Labor and Delivery: Separating Myth From Fact
Probability is definitely on your side when it comes to these common childbirth worries.
Medical Expert: Jeffrey L. Ecker, MD
For some reason, when you’re expecting, people seem to take your growing belly as an invitation to share their own stories of labor and delivery. You’ll probably hear all kinds of tales, ranging from ease and joy to graphic horror and cryptic warnings.
Of course, because the anticipation of giving birth is scary all on its own, the stories that will inevitably stick with you are the ones that invoke even more fear than you already have (thanks so much for sharing, well-meaning friends, family members, and strangers). But it’s important to remember to take everything you hear with a grain of salt—especially if the information you’ve been fed is less real-life experience and more myth.
So, what is reliable, and what’s not? We’ve stared down some of society’s most stringent delivery room myths to learn the facts that will help ease your mind.
Myth: Your Water Will Break Before You Make It to the Delivery Room (and Likely in Public)
Remember when a very pregnant Charlotte was yelling at Big in the Sex and the City movie and her water broke right there on the sidewalk? While this scenario certainly made for good entertainment, it’s unlikely that you’d find yourself in a similar situation.
In reality, chances are high you’ll probably be well aware you’re in labor before your water breaks—so unless you plan on breathing through all of those contractions while you’re casually dining or doing a little shopping, it’s unlikely that your water will break in public. In fact, according to the University of Michigan, only around 11% of pregnant people will experience prelabor rupture of the membrane (or water breaking before the body goes into labor).
Sure, just because the likelihood of your water breaking in public is low, that doesn’t mean it doesn’t exist. However, take comfort in knowing that in the event this does happen to you, you probably won’t experience the huge flood of fluid like you see in movies and on TV. More often than not, this fluid comes in the form of a small gush or even a slow trickle—and it’s colorless and odorless, so you can quickly clean up and head to your labor and delivery unit without anyone around you even noticing.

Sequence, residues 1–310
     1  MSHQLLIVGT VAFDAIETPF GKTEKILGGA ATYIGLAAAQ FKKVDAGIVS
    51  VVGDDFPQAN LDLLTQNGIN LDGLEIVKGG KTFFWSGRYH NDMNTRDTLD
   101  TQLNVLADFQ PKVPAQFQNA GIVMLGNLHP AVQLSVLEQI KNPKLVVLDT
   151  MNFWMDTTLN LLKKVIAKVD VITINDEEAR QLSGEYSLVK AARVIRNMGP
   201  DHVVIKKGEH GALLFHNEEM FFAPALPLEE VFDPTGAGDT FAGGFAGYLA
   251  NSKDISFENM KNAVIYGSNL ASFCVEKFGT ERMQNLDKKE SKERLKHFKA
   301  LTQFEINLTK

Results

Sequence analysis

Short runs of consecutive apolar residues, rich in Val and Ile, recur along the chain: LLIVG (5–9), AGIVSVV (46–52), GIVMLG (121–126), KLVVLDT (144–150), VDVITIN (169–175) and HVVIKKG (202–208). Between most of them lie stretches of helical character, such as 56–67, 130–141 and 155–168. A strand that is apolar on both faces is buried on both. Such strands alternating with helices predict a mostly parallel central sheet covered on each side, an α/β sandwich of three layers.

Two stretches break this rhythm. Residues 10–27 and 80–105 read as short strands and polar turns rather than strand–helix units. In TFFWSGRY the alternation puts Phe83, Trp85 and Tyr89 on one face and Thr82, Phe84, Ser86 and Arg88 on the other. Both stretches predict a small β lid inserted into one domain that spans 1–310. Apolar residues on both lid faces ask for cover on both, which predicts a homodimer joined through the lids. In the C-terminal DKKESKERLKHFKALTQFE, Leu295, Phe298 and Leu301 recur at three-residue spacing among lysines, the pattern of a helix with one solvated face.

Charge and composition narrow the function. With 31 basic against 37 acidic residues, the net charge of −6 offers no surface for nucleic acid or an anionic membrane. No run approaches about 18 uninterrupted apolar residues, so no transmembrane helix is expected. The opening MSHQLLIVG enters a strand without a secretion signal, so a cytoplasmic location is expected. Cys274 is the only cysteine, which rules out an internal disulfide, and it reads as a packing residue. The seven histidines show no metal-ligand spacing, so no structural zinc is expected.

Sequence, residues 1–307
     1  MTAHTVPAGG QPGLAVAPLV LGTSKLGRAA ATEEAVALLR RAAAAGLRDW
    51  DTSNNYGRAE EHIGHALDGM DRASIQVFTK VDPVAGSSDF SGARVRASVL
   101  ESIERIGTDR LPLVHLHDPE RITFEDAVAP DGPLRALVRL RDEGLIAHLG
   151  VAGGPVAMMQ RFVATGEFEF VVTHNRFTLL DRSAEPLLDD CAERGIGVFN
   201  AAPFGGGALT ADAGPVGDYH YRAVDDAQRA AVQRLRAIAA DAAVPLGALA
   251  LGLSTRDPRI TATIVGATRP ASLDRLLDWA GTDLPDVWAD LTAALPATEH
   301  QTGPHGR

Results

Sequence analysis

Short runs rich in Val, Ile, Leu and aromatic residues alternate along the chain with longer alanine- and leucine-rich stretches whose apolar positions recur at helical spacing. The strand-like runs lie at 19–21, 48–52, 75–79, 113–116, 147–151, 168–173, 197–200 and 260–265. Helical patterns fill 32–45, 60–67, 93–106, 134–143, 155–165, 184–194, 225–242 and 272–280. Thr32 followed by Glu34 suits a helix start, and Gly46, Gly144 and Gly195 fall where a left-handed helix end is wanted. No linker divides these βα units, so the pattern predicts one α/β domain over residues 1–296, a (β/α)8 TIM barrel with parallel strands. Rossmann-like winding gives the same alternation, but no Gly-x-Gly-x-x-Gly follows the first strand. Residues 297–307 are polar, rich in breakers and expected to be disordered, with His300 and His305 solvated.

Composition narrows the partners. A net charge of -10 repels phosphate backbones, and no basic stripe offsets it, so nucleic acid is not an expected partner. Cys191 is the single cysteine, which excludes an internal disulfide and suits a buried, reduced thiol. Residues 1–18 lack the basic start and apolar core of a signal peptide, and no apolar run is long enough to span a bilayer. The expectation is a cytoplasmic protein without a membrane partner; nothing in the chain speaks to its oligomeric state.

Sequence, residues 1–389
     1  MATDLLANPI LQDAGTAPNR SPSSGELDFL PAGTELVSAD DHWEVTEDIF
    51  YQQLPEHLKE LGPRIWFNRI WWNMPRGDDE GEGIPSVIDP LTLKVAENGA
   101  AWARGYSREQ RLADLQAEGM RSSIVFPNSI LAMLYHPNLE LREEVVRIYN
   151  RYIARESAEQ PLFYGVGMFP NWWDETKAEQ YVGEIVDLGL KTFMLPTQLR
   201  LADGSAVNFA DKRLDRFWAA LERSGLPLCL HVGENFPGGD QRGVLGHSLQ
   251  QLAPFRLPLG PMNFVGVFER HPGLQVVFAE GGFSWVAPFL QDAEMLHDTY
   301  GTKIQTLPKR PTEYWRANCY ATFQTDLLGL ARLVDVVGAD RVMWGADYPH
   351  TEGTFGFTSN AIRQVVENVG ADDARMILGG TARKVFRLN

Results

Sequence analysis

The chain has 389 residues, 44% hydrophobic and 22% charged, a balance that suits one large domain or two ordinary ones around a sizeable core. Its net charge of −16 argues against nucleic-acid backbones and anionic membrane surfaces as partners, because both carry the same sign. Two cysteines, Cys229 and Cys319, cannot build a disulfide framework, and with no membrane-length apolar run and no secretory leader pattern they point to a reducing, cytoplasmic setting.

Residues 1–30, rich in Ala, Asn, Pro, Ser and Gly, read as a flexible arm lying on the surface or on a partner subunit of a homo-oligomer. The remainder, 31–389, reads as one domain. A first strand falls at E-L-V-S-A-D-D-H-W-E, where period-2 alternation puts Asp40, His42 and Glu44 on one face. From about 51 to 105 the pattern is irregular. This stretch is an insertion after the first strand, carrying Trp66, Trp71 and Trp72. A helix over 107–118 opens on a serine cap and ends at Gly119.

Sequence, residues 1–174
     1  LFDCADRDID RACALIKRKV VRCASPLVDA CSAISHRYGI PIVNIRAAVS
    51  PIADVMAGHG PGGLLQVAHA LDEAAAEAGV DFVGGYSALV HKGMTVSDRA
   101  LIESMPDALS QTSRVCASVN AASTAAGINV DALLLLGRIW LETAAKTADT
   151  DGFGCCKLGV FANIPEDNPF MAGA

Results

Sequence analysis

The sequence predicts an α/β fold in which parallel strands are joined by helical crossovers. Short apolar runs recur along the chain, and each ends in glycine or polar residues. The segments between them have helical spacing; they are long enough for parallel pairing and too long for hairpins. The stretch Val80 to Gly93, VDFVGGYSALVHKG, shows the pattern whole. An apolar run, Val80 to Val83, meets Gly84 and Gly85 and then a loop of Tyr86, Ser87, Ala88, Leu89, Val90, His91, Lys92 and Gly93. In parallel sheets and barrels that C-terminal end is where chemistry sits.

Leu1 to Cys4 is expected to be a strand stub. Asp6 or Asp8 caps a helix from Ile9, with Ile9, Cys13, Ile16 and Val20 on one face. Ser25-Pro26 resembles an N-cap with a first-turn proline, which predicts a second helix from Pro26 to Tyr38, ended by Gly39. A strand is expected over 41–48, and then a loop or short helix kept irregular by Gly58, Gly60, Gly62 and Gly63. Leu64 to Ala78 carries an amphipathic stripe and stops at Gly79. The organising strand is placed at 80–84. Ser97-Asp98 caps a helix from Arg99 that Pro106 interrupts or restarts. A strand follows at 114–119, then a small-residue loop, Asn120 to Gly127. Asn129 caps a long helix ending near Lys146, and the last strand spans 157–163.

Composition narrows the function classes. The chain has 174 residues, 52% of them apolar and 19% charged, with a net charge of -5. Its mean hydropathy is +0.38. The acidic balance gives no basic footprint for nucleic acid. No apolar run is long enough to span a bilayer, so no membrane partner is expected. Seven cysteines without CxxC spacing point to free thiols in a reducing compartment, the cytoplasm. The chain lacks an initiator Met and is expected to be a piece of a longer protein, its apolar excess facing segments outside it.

So, will your water break in public? It’s possible but not probable. In other words, don’t cancel your dinner plans for fear that you’ll suddenly drop a water balloon from your dress.
Myth: You’ll Definitely Know When You’re Truly in Labor
While the thought of your water breaking in public may be embarrassing, the silver lining is that you’ll know for sure that it’s go-time (because even if your water breaking doesn’t automatically trigger labor, you still need to seek medical attention to avoid infection and possibly be induced). For the majority of people who don’t experience prelabor rupture of the membrane, deciphering whether or not it’s time to go to the hospital can be much harder.
If you’ve been experiencing Braxton Hicks contractions (aka false labor), it can be tricky to recognize when you’ve made the switch to true labor. Often, true contractions start out feeling the same as their false counterparts—the muscles of the uterus contract, causing the abdomen to feel firm from the outside and cramped up on the inside. However, if your contractions are coming at regular intervals and growing stronger and closer together, then you are likely in true labor.
Because it can be hard to identify where false labor stops and true labor begins, first-time parents occasionally arrive at the hospital before there’s a real need. If this happens to you, don’t be ashamed for erring on the side of caution—the care team isn’t judging you. They’ll simply send you home until you’re ready to come back and birth a baby.
Myth: You’ll Have To Make a Mad Dash to the Hospital
In the movies, it seems like a pregnant person in labor goes from 0 to 60 in a minute, from calm to red-faced and racing out the door. In reality, however, early labor is typically calm, with mild contractions gradually becoming more urgent as the cervix dilates (opens) and effaces (thins). It can take hours until active labor sets in and it’s really time to go. Also, generally speaking, expecting parents tend to labor longer with their first babies than with subsequent deliveries.
Of course, there are widely varying timetables; some people don’t realize they’re in labor until active, painful contractions kick in (see above). If you’re having painful contractions less than five minutes apart, don’t delay, head to the hospital right away. You might just be one of those people who labor briefly and deliver in a hurry.
Myth: Contractions Are More Painful With Pitocin